By Catherine Wagley
By Channing Sargent
By L.A. Weekly critics
By Amanda Lewis
By Catherine Wagley
By Carol Cheh
By Keegan Hamilton
By Bill Raden
Photo by Tom Lawlor
Alan Stanford has been playing Pozzo for the Gate Theatre Dublin’s much-heralded production of Waiting for Godotsince he was 36. He’s 51 now, and feels that, more often than not, productions of the play get short shrift because they tend to be done by “black-box companies full of people who look like they’ve been together two semesters, not 15 years.”
The time and other resources invested in his Godothave allowed it to breathe, he says. The production has just arrived at UCLA, capping a tour through American universities, mostly in the Midwest. Stanford says that over the years, his portrayal has become leaner: “When you start out, you discover all the things you need. As you grow older, you discover all the things you don’t need. The production has grown more casual in its cruelty. It’s lonelier. The other actors appear to care less, which exemplifies the inevitability of their fate.”
The play is directed by Walter Asmus, who, in his 1988 German translation, subtly revised the text. Beckett was so struck by Asmus’ work, he rewrote his own play in Celtic-flavored Hyberno-English, cut three pages and worked with Asmus on the staging. At UCLA, therefore, we’re seeing “Asmus’ staging, as Beckett staged it.”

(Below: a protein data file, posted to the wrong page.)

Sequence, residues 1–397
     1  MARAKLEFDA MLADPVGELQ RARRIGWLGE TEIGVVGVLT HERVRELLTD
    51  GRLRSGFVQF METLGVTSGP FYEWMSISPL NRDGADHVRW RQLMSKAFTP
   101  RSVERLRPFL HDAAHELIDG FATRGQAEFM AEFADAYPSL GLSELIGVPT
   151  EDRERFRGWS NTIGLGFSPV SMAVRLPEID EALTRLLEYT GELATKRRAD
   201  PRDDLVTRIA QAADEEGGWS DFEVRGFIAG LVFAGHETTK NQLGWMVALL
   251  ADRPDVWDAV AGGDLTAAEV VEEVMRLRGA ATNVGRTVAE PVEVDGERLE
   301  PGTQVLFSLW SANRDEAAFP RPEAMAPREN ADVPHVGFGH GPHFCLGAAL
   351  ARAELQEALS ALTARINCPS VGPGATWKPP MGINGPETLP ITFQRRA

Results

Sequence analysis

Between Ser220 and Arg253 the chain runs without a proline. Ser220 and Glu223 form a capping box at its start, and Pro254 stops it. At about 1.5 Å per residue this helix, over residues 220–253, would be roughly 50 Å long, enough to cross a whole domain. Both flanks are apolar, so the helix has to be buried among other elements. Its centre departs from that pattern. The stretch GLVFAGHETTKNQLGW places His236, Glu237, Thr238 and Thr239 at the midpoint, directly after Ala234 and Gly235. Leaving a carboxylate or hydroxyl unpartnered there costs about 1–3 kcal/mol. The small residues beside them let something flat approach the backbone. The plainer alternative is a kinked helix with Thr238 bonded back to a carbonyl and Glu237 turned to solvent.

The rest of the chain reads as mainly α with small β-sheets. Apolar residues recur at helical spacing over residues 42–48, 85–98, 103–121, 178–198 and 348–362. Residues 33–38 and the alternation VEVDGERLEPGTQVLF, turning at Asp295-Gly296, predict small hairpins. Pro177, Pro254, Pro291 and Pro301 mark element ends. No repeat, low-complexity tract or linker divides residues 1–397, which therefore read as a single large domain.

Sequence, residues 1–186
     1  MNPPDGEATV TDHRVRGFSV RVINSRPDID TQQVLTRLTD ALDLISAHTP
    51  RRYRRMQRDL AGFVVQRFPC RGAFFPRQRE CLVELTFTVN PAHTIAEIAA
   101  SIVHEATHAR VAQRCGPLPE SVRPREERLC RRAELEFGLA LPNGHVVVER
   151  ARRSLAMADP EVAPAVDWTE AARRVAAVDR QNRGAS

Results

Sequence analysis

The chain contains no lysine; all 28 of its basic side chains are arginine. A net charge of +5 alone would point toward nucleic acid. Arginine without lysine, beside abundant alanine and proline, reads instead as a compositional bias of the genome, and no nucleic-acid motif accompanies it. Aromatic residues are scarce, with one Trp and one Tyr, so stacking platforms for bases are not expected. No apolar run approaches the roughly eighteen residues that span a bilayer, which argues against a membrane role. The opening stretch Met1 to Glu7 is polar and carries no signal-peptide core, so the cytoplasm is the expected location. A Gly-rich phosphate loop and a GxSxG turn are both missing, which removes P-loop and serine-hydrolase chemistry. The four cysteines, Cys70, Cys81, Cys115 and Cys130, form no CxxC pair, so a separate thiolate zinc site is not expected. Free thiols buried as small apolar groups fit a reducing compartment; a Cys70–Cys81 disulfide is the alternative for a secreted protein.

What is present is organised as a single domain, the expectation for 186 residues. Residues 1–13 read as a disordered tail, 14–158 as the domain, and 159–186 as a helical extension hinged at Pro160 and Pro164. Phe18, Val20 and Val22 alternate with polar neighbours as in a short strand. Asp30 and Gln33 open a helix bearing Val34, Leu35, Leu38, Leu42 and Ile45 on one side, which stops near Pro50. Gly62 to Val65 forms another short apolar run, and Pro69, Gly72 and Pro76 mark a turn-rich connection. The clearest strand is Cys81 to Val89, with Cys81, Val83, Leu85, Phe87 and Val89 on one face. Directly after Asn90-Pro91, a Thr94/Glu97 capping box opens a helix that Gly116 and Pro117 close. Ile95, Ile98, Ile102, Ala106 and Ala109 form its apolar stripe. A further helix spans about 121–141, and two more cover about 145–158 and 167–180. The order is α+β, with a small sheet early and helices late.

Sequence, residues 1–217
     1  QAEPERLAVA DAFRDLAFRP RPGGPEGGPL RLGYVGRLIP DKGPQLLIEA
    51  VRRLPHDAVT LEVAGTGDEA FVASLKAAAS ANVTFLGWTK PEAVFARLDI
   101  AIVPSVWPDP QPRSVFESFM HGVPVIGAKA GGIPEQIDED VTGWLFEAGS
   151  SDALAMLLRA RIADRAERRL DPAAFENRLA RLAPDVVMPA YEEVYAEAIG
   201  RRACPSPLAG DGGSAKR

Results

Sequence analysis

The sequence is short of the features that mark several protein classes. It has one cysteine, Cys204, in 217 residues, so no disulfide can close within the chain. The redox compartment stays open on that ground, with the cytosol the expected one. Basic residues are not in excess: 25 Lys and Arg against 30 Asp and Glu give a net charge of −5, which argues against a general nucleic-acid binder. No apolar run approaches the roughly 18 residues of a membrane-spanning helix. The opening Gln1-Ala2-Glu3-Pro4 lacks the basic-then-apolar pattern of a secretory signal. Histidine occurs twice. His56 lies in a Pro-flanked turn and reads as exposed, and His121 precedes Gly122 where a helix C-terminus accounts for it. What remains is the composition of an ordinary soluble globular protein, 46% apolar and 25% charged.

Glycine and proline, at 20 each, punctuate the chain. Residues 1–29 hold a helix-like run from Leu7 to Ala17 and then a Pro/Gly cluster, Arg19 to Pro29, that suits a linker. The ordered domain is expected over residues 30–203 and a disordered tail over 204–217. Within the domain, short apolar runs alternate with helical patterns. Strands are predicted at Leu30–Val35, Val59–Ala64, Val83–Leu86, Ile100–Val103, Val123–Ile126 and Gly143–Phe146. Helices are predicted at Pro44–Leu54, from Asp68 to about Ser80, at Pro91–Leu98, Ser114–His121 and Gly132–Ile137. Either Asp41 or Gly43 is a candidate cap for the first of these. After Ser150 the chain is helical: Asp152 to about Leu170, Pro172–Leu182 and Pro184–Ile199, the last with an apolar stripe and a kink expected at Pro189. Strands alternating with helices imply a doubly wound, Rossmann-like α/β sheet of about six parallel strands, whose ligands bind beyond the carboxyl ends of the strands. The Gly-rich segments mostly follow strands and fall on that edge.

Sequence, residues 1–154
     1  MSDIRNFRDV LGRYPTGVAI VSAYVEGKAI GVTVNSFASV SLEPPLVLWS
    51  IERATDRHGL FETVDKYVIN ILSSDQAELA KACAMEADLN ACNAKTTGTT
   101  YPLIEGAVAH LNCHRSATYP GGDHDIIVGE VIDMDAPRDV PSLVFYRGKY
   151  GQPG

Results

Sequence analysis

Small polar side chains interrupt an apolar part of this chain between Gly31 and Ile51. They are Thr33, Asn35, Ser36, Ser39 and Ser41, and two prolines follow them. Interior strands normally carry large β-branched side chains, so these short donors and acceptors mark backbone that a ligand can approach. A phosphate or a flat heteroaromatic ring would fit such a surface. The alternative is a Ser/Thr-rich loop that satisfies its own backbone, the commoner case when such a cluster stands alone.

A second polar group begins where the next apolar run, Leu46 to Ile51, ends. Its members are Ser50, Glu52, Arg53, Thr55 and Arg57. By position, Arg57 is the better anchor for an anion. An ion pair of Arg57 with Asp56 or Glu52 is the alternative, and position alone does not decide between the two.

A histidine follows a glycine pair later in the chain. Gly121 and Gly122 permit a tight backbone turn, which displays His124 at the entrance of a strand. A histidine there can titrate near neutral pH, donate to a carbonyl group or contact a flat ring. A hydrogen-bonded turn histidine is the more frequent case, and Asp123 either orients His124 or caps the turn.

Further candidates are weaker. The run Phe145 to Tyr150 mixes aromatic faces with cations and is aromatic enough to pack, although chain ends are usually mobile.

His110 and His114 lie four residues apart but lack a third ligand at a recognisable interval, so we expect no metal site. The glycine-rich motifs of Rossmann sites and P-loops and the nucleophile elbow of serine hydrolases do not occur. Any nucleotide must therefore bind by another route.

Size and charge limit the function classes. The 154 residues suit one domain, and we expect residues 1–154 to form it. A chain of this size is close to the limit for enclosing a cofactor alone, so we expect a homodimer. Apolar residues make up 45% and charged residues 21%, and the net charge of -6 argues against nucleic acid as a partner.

Asked about the difference in reaction between American and Irish audiences, Stanford says, “In Dublin, they understand the play idiomatically. Here, it has to be explained. I was born in England, and when we came to Lincoln Center a couple of years ago, I used my English accent. Clive Barnes wrote that I was using the accent to comment on the English domination of the Irish, which was certainly news to me.
“One of the things that baffles me about this trip is that, perhaps because we’re performing in centers of academia, we tend to get the same question: ‘When you decide to do Godot, what do you choose to make it about?’ There seems to be a desire among more educated people that there has to be a central idea, rather than the play itself just being about waiting, and unhappiness. Nothing is funnier than unhappiness. If the play hits home, it’s about everything. If not, it’s about nothing.”The Gate Theatre Dublin’s production ofWaiting for Godot is performed at UCLA’s Freud Playhouse; Thursday-Saturday, October 26-28, 8 p.m.; Sunday, October 29, 2 p.m. Call (310) 825-2101.